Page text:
Just 89 of these Alaskan wolves remain, but are they endangered?

Despite a 75 percent decline in population levels on the Prince of Wales island in the Alaska Panhandle over the past 10 years, the US Fish and Wildlife Service insists the Alexander Archipelago wolf is not endangered.

National Park Service/AP
This image provided by the National Park Service shows a gray wolf in the wild.

The US Fish and Wildlife Service (USFWS) announced Tuesday that Southeast Alaska's Alexander Archipelago wolf does not warrant protection under the Endangered Species Act (ESA), even though its population has seriously declined on the Prince of Wales Island.

The USFWS suggests in a November Species Status Assessment that the Alexander Archipelago wolf population occupying Prince of Wales Island declined by 75 percent between 1994 and 2014, from 356 to 89 individuals. 

The agency identified a number of stresses impacting local populations, but “most of them have the potential to affect wolves indirectly, not directly.” Notable stresses included timber harvest, climate-related events, road development, and wolf hunting. 

And while climate changes and timber clearing can limit the population of deer, the wolves’ main food source, wolf hunting is the only stressor with direct mortality. Road development may seem like an arbitrary stressor, but the USFWS says it gives hunters and trappers better access to wolf populations.

All of these stresses affect individual wolves either directly or indirectly, but the USFWS said in a Tuesday press release that the island wolves don’t qualify for ESA protection because “the population does not persist in an unusual or unique ecological setting; loss of the population would not result in a significant gap in the range; and the population does not differ markedly from other populations based on its genetic characteristics.”

But wildlife advocates say the USFWS is giving up on the Southeast Alaska wolves.

“We think the US Fish and Wildlife Service didn’t get it right and that they’ve overlooked some important things,” Larry Edwards, a Forest Campaigner with Greenpeace, told Alaska Public Media. “It’s very odd to us that the Fish and Wildlife Service acknowledges a 75 percent decline in the Prince of Wales wolf population and then basically writes that population off.”

The USFWS predicts the overall population of Alexander Archipelago wolves to be between 850 to 2,700 individuals, with approximately 62 percent living in British Columbia and 38 percent occupying southeastern Alaska. But advocates for Alexander Archipelago wolf protection under the ESA say the USFWS’s wide range estimates of population levels prove their lack of knowledge about the species’ actual status.

And in an indirect way, the USFWS has admitted to sacrificing this smaller wolf population.

“We do have concern for the wolf population on Prince of Wales Island,” Drew Crane, the Regional Endangered Species Coordinator at USFWS, told Maine News. “But Prince of Wales Island in general only constitutes six percent of the range-wide population of the Alexander Archipelago wolf.”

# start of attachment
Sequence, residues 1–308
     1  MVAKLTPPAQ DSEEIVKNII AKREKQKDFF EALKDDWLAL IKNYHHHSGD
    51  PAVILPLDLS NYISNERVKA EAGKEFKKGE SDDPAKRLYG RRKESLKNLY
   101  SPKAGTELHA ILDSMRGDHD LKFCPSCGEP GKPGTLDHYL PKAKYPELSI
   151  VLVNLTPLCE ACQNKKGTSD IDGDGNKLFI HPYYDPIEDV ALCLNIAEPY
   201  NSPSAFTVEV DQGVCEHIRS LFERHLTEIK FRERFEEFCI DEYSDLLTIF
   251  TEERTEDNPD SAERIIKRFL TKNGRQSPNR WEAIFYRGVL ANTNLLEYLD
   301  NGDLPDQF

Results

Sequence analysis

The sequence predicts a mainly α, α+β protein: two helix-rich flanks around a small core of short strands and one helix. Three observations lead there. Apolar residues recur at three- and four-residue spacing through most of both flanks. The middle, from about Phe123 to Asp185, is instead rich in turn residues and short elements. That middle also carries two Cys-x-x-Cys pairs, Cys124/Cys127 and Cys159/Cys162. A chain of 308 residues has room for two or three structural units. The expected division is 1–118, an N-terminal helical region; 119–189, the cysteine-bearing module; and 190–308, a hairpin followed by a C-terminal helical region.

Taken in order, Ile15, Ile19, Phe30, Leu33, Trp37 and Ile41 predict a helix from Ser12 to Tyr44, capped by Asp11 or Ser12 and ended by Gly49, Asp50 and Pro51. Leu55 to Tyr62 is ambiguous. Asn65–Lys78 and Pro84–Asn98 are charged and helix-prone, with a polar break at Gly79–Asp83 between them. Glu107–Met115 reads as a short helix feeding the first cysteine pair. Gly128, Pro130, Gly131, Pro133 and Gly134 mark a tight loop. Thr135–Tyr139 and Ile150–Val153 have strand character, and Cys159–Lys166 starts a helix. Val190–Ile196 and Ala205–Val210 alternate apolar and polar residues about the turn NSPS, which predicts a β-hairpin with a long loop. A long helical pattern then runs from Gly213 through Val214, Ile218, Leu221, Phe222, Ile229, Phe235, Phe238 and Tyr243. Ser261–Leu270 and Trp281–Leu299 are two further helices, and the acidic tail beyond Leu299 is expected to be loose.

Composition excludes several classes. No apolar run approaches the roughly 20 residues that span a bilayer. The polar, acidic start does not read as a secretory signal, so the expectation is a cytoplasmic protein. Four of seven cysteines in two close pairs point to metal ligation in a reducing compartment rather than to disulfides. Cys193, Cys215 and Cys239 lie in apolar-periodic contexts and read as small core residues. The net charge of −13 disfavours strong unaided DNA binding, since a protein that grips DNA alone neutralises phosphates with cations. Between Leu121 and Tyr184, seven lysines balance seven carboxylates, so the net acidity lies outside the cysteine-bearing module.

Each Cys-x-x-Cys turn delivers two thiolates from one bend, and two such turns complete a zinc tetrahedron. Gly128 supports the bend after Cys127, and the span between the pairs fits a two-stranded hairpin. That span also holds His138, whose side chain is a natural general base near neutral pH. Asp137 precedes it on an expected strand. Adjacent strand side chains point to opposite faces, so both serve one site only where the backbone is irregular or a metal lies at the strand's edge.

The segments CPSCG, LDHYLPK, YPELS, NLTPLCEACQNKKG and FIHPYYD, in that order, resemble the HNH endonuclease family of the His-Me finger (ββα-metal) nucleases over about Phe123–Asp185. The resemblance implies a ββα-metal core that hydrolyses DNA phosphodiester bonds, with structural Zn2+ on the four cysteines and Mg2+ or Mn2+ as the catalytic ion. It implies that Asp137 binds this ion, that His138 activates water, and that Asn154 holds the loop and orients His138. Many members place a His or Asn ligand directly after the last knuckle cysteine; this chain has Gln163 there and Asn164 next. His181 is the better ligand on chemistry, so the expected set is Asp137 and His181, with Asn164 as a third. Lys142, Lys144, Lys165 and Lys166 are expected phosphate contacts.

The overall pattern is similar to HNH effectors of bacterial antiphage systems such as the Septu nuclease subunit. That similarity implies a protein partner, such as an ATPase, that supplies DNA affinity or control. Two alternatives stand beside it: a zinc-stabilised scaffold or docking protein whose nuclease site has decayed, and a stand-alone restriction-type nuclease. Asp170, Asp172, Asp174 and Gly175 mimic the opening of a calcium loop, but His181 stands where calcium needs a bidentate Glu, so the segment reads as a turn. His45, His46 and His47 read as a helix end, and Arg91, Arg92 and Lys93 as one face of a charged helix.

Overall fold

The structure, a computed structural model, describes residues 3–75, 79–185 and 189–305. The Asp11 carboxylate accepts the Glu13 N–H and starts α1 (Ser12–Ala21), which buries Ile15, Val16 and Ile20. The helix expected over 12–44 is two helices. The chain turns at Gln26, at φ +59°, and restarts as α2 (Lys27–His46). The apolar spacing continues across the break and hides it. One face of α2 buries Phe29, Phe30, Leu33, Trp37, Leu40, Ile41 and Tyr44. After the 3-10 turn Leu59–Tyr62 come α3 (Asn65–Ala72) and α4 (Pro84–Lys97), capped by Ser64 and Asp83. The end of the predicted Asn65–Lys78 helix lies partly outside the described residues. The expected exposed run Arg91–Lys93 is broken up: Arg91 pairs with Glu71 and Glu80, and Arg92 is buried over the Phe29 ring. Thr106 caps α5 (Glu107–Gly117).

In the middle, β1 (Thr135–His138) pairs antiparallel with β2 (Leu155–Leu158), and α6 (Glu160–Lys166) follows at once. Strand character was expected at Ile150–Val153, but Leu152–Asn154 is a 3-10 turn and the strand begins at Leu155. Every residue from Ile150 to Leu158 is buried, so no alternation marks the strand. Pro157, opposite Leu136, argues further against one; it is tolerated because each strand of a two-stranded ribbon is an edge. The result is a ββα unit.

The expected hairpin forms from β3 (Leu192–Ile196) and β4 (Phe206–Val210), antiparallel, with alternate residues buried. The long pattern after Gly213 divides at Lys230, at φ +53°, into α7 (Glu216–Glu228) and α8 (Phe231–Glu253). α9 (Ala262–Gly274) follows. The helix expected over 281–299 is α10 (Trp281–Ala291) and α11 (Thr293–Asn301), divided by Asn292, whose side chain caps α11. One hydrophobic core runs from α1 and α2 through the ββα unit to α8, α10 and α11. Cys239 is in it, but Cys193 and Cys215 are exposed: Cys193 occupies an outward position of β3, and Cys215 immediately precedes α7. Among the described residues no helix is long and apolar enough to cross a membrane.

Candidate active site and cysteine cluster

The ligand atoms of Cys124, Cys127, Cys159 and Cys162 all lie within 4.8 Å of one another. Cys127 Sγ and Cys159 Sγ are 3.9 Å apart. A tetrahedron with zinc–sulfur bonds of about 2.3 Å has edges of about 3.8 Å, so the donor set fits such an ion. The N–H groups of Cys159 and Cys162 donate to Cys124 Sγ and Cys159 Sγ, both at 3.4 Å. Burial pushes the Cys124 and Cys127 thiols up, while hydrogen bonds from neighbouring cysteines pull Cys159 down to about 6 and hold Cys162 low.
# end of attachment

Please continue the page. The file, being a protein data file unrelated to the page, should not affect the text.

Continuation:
The USFWS predicts the current population of Alexander Archipelago wolves on Prince of Wales Island will continue to decrease by another eight to 14 percent over the next 30 years.

To some Alaska lawmakers, this sacrifice is just fine with them. If the USFWS had found the Alexander Archipelago wolf worthy of endangered species status, the listing process would have limited or entirely prevented timber sales in the Tongass National Forest, the largest national forest in the United States. 

“…The attempt by some environmental groups to list the wolf seemed to be an effort solely to end the last of the remaining timber industry in Southeast Alasaka,” US Senator Lisa Murkowski (R) of Alaska, said in a press release Tuesday. “Fortunately, it did not work.”

You've read  of  free articles. Subscribe to continue.

Dear Reader,

About a year ago, I happened upon this statement about the Monitor in the Harvard Business Review – under the charming heading of “do things that don’t interest you”:

“Many things that end up” being meaningful, writes social scientist Joseph Grenny, “have come from conference workshops, articles, or online videos that began as a chore and ended with an insight. My work in Kenya, for example, was heavily influenced by a Christian Science Monitor article I had forced myself to read 10 years earlier. Sometimes, we call things ‘boring’ simply because they lie outside the box we are currently in.”

If you were to come up with a punchline to a joke about the Monitor, that would probably be it. We’re seen as being global, fair, insightful, and perhaps a bit too earnest. We’re the bran muffin of journalism.

But you know what? We change lives. And I’m going to argue that we change lives precisely because we force open that too-small box that most human beings think they live in.

The Monitor is a peculiar little publication that’s hard for the world to figure out. We’re run by a church, but we’re not only for church members and we’re not about converting people. We’re known as being fair even as the world becomes as polarized as at any time since the newspaper’s founding in 1908.

We have a mission beyond circulation, we want to bridge divides. We’re about kicking down the door of thought everywhere and saying, “You are bigger and more capable than you realize. And we can prove it.”

If you’re looking for bran muffin journalism, you can subscribe to the Monitor for $15. You’ll get the Monitor Weekly magazine, the Monitor Daily email, and unlimited access to CSMonitor.com.